412. In these instances, though the word water in the last sentence, and the word variety in the preceding example, are marked with a comma only, precision, as well as harmony, require the falling inflexion; the first member is a kind of text to the whole sentence, and is not so closely connected with the succeeding members as these last are with each other; an occasional sense of the propriety of this distinction makes our printers sometimes point the first member of a similar sentence with the semicolon.
At a little distance from my friend's house, among the ruins of an old abbey, there is a long walk of aged èlms ; which are shot up fo very high, that when one passes under them, the rooks and crows that rest upon the tops of them seem to be cawing in another region.' Spectator, No 110.
Here the first member is very properly pointed with a semicolon at elms, and the emphatic pause on this word gives a precision and variety little the generality of our punctuists are guided by the sense of the sentence, we need only produce the period which immediately fol
whole sentence; but as an instance how
I am very much delighted with this sort of noise, which I consider ás a kind of natural prayer to that Being who supplies the wants of his whole creation, and who, in the beautiful language of the Psalms, feedeth the young ravens that call upon him. Ibid.
In these two last instances, the first part of each sentence is connected with the succeeding member by the relative which; but as this word does not restrain, but only explain and extend the ineaning of the preceding member, the latter, like the former, ought to be marked with the semicolon, and pronounced with the falling inflexion.
Cicero concludes his celebrated books de Oratore with some precepts for pronunciation and action ; without which part he affirms, that the best orator in the world can never succeed, and an indifferent one who is master of this Thall gain much greater applause. Speet. N° 541.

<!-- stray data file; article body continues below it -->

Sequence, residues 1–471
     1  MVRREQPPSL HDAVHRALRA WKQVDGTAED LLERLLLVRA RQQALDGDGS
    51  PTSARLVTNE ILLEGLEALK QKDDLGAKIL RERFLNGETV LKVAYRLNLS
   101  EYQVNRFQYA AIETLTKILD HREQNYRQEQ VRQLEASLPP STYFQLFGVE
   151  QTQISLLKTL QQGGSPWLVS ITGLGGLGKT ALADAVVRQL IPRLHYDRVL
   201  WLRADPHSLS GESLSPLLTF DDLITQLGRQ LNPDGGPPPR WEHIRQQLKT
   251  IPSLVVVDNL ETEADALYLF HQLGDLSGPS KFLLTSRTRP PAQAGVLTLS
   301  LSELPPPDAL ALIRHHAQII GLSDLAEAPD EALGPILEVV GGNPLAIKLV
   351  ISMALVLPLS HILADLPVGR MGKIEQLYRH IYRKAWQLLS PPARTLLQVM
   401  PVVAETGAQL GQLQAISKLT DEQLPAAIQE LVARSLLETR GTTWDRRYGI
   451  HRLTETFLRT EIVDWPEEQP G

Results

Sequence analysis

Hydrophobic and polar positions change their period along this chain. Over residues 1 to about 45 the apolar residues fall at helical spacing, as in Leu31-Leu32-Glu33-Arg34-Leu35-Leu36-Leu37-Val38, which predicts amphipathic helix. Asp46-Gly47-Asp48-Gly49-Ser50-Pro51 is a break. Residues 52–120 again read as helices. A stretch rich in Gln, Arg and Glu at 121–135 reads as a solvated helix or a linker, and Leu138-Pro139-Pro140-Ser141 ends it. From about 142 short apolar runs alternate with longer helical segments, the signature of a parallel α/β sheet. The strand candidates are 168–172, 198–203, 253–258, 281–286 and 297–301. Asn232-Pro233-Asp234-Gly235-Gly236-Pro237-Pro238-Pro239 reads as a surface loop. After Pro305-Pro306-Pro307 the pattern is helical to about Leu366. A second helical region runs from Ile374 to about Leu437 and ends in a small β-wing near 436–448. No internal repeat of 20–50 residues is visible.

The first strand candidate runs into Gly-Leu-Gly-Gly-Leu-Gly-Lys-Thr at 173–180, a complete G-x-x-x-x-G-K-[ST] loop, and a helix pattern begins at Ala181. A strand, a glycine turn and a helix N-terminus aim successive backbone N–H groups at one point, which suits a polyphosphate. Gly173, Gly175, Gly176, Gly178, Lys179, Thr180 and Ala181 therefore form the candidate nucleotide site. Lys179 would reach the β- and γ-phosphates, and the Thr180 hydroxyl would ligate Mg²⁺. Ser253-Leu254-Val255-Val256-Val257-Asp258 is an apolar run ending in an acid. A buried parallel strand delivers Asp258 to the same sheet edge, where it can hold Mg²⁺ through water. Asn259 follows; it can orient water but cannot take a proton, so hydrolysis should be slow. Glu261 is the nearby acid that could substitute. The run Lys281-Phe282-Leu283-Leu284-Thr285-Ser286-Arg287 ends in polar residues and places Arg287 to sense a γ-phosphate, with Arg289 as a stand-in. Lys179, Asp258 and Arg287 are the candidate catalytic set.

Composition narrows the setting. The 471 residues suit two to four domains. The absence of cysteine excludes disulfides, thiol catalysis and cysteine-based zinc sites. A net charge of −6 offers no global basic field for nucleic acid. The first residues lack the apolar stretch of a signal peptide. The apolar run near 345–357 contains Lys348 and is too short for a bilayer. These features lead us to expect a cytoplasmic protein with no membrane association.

In this instance we find the word action often pointed with a comma only, though it is certain that it ought to be pronounced with the falling inflexion; for as the succeeding word without does not modify it, and as the next member necessarily requires the rising inflexion at fucceed, the falling inflexion on the word a&tion adds greatly to the precision and variety of the whole sentence.
When sentences have two parts corresponding with each other, so as to form an anti
thesis, the first part must always terminate with the rising inflexion.
Ibid. N° 447
We are always complaining our days are féw, and acting as though there should be no end of them. Spectator, No 93.
I imagined that I was admitted into a long spacious gallery, which had one fide covered with pieces, of all the famous painters who are now living; and the other with the greatest masters who are dead. Ibid. N° 83.
The wicked may indeed taste a malignant kind of pleasure, in those actions to which they are accufomed whilst in this life ; but when they are removed from all those objects which are here apt to gratify them, they will naturaily become their own tor. mentors.
The pleasures of the imagination are not so gross as those of sénse, nor so refined as those of the understanding.
Ibid. No 411. In all these examples, the first part of every antithesis might form a perfect fentence by itself; but the mutual relation between the former and latter part, forms as necessary a connection between them as if the former part formed no sense by itself, and the latter part modified and restrained the sense of the former ; and therefore the word few, in the first example, the word sense in the second, the word living in the third, and the words this life in the fourth, must necessarily adopt the rising inflexion. For the same reason, the same inflexion must take place at the word succeed in the following example:
Cicero concludes his celebrated books de Oratore, with some precepts for pronunciation and action ; without which part, he affirms, that the best orator in the world can never succéed, and an indifferent one, who is master of this shall gain much greater applause. Spectator, No 541.